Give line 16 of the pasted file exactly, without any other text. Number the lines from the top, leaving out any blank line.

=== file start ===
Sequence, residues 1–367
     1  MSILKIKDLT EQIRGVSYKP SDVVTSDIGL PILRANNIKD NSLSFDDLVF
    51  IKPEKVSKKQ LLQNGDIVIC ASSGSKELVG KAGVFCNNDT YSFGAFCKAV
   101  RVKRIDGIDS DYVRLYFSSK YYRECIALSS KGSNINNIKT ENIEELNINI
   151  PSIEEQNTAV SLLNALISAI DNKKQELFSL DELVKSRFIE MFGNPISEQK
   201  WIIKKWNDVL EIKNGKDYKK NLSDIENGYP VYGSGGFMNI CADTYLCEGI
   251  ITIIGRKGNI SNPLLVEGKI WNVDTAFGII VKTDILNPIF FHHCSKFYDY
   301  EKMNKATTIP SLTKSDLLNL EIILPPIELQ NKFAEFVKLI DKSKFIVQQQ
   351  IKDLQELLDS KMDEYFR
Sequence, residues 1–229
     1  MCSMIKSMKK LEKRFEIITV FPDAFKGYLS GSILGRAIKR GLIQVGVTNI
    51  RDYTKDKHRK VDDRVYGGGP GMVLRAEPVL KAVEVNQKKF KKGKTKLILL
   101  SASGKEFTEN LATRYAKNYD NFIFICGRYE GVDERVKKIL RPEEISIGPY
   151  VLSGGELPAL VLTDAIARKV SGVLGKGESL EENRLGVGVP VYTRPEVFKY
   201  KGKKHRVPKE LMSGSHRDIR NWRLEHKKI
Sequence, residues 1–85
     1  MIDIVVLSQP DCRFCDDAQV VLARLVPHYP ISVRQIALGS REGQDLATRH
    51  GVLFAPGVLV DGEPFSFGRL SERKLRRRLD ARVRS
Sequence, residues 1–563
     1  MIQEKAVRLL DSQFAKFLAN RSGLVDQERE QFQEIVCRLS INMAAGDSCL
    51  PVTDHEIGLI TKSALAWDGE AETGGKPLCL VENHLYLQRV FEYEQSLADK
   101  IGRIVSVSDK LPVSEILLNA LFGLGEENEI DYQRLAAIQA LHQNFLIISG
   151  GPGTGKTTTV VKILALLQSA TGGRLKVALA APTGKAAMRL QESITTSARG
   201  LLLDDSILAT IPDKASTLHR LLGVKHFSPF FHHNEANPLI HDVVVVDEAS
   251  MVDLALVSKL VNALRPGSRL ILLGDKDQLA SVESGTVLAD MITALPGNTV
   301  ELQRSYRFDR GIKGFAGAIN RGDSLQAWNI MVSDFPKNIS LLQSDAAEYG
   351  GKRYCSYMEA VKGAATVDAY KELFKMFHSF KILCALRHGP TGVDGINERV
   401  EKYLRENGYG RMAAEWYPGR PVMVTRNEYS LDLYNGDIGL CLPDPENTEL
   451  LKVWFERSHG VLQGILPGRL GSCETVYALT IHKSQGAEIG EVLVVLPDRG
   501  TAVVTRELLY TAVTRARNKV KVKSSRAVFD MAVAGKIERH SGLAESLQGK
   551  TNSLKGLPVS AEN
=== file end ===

Sequence, residues 1–85